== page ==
• Join over 1.2 million students every month
  • Accelerate your learning by 29%
  • Unlimited access from just £6.99 per month

How did the government try to hide the effect of the blitz?

Extracts from this document...

Introduction

Sophia Moatti History coursework THE BLITZ Question 3: How did the government try to hide the effect of the blitz? During the blitz, the government's main policy was to sustain high morale. The government did not always want the public to know the full scale of attacks, because they feared talk of defeat amongst the British people. Also if workers were struck by low morale, it was feared the quality of their work would deteriorate. British leaders wanted their people to radiate victory and show the Germans they were not being defeated. Another aim was to demoralise the Germans. They wanted to prove to Germany that her tactics were not working. If a bombing raid happened on a certain day, the photos would not be published for a few days. By doing this, the government hoped the Germans would not be able to confirm success, and would be unaware which areas were still intact and this would lead their morale to plummet. In addition Britain wanted to challenge German propaganda. ...read more.

Middle

Although the ministry held regular guidance meetings, these were often not necessary, as the press went into self-censorship. The editors saw themselves as patriots, and felt they could inspire patriotism in the nation. However if newspapers stepped out of line, they would be prosecuted. The daily worker fell victim of this, because the communist newspaper expressed its views that the war was a capitalist idea, which did not benefit the working classes, it also said Britain would loose the war. Another paper that came close to this fate was the Daily Mirror, because of its criticism on the way that Churchill and his government were dealing with things. The Daily Mirror however was a very popular newspaper, so Churchill feared a press campaign would be his downfall, just as chamberlain had suffered in 1940. From then on the paper toned down. Newspapers tended to report in an upbeat fashion. If bombing occurred, no precise information was supplied, only positive comments made by citizens. Reports often used to concentrate on a particular family's story, so as to bring hope to other readers. ...read more.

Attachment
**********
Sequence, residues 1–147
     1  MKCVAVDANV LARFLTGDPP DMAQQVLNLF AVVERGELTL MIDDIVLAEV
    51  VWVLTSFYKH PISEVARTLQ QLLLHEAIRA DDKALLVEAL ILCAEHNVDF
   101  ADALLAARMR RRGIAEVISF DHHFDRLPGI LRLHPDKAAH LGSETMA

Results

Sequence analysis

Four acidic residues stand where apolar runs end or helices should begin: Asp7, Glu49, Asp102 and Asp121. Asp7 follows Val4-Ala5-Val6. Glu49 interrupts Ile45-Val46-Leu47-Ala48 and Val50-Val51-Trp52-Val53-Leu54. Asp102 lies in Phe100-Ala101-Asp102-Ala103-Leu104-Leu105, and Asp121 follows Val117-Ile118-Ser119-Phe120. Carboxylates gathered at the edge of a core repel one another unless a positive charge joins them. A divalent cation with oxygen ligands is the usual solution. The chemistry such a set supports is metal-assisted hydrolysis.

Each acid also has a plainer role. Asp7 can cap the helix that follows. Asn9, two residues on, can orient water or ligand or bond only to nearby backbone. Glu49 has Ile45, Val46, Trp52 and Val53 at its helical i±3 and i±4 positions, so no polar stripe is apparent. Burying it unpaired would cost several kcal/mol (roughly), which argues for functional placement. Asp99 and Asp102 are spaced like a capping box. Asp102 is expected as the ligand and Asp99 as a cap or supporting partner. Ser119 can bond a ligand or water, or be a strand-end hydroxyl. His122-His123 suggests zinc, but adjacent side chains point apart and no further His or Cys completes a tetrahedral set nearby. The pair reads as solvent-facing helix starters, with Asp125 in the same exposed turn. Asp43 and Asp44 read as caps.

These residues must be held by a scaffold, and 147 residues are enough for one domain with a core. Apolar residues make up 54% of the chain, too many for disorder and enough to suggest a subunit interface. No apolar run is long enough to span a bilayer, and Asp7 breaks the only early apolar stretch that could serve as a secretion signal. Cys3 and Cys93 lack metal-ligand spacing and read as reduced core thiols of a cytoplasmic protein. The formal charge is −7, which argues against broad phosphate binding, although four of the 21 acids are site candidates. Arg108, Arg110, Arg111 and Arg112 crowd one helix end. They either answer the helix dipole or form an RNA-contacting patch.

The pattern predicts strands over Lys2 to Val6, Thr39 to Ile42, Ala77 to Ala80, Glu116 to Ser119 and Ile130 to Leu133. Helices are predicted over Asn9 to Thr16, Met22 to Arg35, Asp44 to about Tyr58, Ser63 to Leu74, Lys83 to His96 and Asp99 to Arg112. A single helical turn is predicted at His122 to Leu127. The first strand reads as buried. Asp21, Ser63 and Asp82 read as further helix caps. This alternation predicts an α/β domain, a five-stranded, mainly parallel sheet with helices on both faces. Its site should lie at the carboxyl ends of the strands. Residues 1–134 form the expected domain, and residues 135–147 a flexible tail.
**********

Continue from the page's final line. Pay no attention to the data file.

Conclusion

B Priestly. At the time, film was one of the most powerful mediums of communication and was therefore used for propaganda during the war. Wartime propaganda in the form of short films and documentaries accompanied the main feature. These films were produced by the film division of the MOI in liaison with commercial studios, independent producers and news real companies, but the MOI always decided the message and the theme of the film. Over 1400 documentaries urging the British people for greater wartime effort and containing government instructions were made, but these were truly unpopular, as they were often very crude. Feature films were also produced; the aim was to make good films that contained messages from the government about the war. Posters with slogans were also used to warn, inform and encourage war effort. Slogans like " Your courage, Your cheerfulness, Your resolution, Will bring us victory" were widely disliked; they were often devised by the ministry of information to try to maintain morale. This was because Londoners felt they were living their lives the best they could, without the help of these brave patriotic slogans. Forced in front of their eyes by the MOI. ...read more.